AFL Premiership 2006 PS2 Review

The real meat and potatoes obviously comes from the franchise mode where there is so much depth AFL fans will appreciate the small touches that the developers have included.

Developer / Publisher: NA
3 minutes & 29 seconds read time
"Up there Cazaly, in there and fight" ...ah yes it's coming up again to the one day in September where the men are sorted from the mice and someone wins the flag. Last year it was Sydney, hurrah and all for that but unfortunately AFL hasn't had a videogame to match the popularity of the sport for sometime now and it wasn't until Sony took over the license that we actually had some games to look forward to. The first few have been a little lacking but showed signs of where we are now - a quality AFL game. IR Gurus have finally cracked it and the sport has a game to be proud of, it's just a shame it has taken so long.

AFL Premiership 2006 obviously offers the modes that you come to expect - exhibition, season, franchise etc but having this depth in a game which is only going to be released in Australia is quite astounding. IR Gurus have really taken an EA approach to the game in trying fit anything and everything associated with the sport into the game and have done quite well. The real meat and potatoes obviously comes from the franchise mode where there is so much depth AFL fans will appreciate the small touches that the developers have included.

Obviously in franchise mode you pick your team, and try and win the flag continuously ala the old teams of clubs such as Carlton and Adelaide. This is harder than it sounds especially because IR Gurus have definitely gone for a more simulation approach rather than an arcade format for the game this time around. You will have to deal with suspensions from the judiciary, injuries across multiple games and tough opponents across multiple seasons. For those who don't want to have to deal with the inter-season negotiations and changes, single seasons can be played out as well beginning from the NAB Cup or even the start of the Final series.

As stated, the developers have gone down the simulation path for this one and it has paid off handsomely for them. Rather than kick the ball and hope for the best, you have to kick, get in position and try and mark the ball, just like in the real game. There is a lot more fouls as well and if you play rough, you're going to lose players as well as matches. This may turn a few gamers off especially because the first hour or so is a lesson in frustrating sports games. Not because it has poor controls, but because the simulation is of such a level that you really have to work hard to learn how to play this game.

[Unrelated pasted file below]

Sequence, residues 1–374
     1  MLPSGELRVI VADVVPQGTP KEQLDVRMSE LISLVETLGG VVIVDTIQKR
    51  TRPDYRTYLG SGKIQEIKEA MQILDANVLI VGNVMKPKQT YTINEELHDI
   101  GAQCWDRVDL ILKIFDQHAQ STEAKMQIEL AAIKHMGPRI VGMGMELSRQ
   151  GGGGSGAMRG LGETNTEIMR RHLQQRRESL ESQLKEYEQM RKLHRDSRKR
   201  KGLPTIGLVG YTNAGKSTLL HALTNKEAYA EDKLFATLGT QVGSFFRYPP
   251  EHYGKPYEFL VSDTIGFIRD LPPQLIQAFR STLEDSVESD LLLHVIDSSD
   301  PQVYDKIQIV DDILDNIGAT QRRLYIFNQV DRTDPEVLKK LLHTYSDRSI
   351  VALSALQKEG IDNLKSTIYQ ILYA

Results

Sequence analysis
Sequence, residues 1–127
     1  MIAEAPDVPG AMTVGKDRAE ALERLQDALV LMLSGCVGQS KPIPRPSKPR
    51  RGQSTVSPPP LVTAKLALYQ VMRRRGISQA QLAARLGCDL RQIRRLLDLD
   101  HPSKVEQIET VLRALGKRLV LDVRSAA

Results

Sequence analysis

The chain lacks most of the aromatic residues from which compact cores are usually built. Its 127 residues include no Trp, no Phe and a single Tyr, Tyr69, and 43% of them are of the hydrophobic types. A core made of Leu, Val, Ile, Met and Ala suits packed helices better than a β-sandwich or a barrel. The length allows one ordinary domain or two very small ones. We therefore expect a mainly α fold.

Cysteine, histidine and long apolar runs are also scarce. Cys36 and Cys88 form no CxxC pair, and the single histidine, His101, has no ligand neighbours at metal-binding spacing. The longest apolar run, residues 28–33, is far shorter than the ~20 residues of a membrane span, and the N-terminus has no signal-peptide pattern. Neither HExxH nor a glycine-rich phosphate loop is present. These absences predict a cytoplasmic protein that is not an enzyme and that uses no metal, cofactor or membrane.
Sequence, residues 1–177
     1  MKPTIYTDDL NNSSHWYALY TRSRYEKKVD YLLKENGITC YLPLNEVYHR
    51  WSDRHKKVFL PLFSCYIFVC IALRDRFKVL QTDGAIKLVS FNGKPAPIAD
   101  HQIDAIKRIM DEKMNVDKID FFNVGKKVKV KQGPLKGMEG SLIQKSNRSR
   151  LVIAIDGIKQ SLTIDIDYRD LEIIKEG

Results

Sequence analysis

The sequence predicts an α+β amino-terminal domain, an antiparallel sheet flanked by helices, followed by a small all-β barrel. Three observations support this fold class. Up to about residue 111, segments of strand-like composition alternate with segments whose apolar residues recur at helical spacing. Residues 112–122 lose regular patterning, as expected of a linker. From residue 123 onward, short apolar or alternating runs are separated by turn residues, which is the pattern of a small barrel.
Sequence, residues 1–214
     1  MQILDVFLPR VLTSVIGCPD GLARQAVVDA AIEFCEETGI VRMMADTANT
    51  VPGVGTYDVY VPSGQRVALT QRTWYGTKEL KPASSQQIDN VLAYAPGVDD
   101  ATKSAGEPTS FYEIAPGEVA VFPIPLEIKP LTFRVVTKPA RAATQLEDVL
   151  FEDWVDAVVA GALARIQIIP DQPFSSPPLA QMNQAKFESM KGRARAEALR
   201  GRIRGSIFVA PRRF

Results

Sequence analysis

In terms of licensing the game is unmatched. With the one hundred percent exclusive license from Demetriou and his buds working down in Melbourne, IR Gurus have had unprecedented access to clubs but there are a few disappointments with the graphics and licensing. However the good outweighs the bad. The atmosphere of the sport is captured incredibly well via commentators such as Dennis Commetti. The Channel Ten crew has been dumped in favor of the superior Nine, with Brereton providing supporting comments. The players are also officially licensed via the players association and all the big names feature heavily and obviously can kick the ball much better than others due to the accurate statistics system.

The licensing also continues regarding the stadiums with every team's stadium featured such as the MCG, Docklands, Gabba and Subiaco just to name a few. They have replicated them to the nth degree and it is easy to tell where the game is taking place via the architecture rather than having to read the text. The TV style presentation is also a carry on from the license with the game featuring Friday Night Football, Sunday afternoon football etc. To add to the effect even more, the cameras used to replicate that used during TV coverage with a side on view by default, and angled view used for instant replays of goals.

Naturally with this many positive comments for the stadiums, the graphics have to be impressive and for the most part they are. There is still a little room for improvement and perhaps it's time they moved on from Renderware but the motion capture and detail of the players is good enough. One thing we did notice is there is not as much detail as you might expect. For instance Barry Hall hasn't had hair for years, yet in AFL 2006 he does. Obviously this is a level of detail you expect from a publisher like EA, but it still kills the authenticity of the game somewhat.

AFL Premiership 2006 is the best AFL game yet but still has someway to go before it can compete with the FIFA and NBA's of the sports gaming world. What it sets out to do it does well and considering we're now entering the PS3 era, it's exciting IR Gurus got it so right for what will probably be the final PS2 game and makes us wonder if it jumps to PS3, which we are sure it will, what we can expect from those south of the NSW border call the best game of all.

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Simon joined the TweakTown acquired 3DAvenue in 2003 as the senior console writer, and quickly worked his way into more managerial roles on top of his writing responsibilities, such as managing most PR contacts and organising new content for the website. Although Simon is more acquainted with the console market, he also likes the odd crossover, and will occasionally check out the latest PC gaming has to offer. Simon, our senior gaming editor, will continue his responsibilities from the former 3DAvenue via regular reviews.

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